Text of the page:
Daily Mail Opinion makes the following endorsements for contested primary races in the Charleston City Council election. All contested races are in the Democratic primary, except for Ward 19, where both parties compete.
Deanna McKinney is a woman of action. Her son Tymel was shot to death on the family’s front porch in 2014. She holds an annual neighborhood block party to celebrate Tymel’s life and build relationships among youth and adults in the community.
Jeffery Mace wants the city to move to an inclusive zoning system that would allow for easier development. He favors implementing more of the Imagine Charleston plan, and the city should look into alternatives to buying trash bags for residents.
Joseph Jenkins said the city needs to evaluate programs and services rather than looking to raise revenues as the city’s population goes down.
Republican Brady Campbell won’t support tax or fee increases — the city can save money by having fewer council members, modernize trash collection and adjust the trash bag distribution program.
Democrat Mychal Schulz said the city shouldn’t have used money from the EDGE project to balance the budget and suggests the city should trash the garbage bag program.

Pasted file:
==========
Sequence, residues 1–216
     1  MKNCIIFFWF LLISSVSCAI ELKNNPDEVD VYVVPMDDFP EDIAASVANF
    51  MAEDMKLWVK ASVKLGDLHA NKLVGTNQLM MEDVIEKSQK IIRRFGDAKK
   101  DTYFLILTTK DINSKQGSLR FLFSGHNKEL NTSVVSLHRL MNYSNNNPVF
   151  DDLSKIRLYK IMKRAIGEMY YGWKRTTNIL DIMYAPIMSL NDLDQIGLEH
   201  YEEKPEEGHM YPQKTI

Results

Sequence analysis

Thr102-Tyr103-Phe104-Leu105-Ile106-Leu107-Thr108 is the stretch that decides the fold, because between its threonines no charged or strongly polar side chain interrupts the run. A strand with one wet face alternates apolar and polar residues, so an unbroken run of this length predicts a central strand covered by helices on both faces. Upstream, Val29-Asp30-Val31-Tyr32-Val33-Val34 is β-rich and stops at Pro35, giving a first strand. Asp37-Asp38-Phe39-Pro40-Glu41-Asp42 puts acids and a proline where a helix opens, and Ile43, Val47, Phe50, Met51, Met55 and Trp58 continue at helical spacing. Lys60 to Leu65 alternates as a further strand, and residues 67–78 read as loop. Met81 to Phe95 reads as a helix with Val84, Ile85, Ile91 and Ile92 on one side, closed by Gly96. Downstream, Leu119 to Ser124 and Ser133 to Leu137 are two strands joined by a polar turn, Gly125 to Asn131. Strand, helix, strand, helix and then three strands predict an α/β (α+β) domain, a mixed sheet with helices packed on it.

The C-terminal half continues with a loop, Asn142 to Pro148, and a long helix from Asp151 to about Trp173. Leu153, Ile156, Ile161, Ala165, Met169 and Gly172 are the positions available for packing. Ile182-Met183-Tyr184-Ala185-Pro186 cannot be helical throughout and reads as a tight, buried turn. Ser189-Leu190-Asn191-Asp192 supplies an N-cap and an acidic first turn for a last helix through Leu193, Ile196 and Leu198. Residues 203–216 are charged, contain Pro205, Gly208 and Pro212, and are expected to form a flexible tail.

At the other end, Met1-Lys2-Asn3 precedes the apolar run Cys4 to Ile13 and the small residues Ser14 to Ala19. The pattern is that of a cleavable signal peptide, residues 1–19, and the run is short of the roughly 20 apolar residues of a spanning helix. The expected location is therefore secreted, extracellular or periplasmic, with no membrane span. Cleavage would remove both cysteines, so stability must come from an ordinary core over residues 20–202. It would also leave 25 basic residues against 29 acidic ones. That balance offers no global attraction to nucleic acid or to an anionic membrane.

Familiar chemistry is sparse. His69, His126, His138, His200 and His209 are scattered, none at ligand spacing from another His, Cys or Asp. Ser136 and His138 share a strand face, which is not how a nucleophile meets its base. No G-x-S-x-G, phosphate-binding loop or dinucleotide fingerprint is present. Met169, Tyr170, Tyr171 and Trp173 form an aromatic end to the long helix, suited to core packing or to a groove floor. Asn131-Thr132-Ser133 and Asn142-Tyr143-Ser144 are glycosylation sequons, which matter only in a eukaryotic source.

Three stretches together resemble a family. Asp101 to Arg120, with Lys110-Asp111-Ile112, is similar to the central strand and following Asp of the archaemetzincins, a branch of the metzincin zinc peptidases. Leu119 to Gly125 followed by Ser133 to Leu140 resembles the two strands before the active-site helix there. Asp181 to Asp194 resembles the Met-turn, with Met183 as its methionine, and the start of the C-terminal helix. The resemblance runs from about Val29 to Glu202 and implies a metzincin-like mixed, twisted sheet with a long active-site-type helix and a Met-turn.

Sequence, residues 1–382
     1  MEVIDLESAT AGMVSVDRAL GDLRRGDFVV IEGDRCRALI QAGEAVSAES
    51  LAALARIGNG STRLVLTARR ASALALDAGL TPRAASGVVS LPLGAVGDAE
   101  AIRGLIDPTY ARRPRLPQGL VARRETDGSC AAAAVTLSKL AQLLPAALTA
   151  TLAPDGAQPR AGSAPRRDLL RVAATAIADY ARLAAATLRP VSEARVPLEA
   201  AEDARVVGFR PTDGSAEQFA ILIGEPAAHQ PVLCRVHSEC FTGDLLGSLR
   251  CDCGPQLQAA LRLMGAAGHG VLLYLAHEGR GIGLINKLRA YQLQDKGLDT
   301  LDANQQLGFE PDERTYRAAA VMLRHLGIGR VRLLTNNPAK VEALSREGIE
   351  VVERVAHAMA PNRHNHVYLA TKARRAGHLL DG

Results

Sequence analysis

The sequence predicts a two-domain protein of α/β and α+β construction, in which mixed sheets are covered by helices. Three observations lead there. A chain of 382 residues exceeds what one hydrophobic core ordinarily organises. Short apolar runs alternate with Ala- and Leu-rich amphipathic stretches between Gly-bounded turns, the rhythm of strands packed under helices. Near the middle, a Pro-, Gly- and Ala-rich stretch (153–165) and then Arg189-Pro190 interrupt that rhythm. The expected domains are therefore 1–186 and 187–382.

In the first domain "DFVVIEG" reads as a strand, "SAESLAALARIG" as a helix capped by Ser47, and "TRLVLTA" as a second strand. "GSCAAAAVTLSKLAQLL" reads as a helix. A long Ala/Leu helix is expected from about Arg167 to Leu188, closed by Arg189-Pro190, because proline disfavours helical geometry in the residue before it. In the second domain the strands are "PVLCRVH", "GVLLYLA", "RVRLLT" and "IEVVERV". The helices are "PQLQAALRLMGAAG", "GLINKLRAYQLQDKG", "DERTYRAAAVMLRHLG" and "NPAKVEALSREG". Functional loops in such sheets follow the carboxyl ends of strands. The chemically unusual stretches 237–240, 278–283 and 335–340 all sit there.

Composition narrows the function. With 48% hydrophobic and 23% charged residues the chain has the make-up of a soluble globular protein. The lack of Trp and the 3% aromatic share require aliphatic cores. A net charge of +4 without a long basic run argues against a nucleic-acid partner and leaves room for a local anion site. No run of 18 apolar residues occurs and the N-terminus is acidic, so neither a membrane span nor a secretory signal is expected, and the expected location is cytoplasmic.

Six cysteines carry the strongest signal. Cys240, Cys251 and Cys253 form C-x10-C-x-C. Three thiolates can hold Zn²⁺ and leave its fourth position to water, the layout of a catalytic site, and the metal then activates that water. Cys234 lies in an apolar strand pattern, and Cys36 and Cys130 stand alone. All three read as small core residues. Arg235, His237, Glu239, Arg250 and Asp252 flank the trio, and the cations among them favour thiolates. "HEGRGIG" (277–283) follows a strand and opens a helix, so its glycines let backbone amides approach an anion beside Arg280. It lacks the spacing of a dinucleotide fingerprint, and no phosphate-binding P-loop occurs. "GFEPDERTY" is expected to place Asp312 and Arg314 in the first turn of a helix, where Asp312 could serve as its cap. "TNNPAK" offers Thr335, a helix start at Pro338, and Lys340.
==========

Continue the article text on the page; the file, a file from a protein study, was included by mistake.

Three Republicans and 12 Democrats are running for six at-large city council spots on the general election ballot. All three Republicans will move on to the general election. Of the Democrats, the Daily Mail endorses:
Becky Ceperley, the only incumbent running among at-large candidates, having completed one term. Former executive director and CEO of the Greater Kanawha Valley Foundation and a former president of the national League of Women Voters, Ceperley gets things done.
Shawn Taylor, an attorney and Charleston’s former municipal court judge and clerk, said his primary concern is the city’s budget. He said to increase revenue, the city should consider annexing surrounding communities.
Ben Adams, an attorney, said to balance the city’s budget the city should look for ways to free up funds. He rightly points out the city’s “free” trash bags aren’t free.
Jennifer Pharr is a commercial real estate agent. She said to boost the population, Charleston should consider encouraging multipurpose properties that have space for housing and retail.
Stephen Grimm, an insurance agent, said Charleston needs to be a better partner for businesses. “I work with businesses here, and I don’t feel like the city is treating them like clients,” he said.
Naomi Bays is owner of a small retail shop downtown. She wants Charleston to have better communication with businesses. To balance the city’s budget, officials should question what services it needs.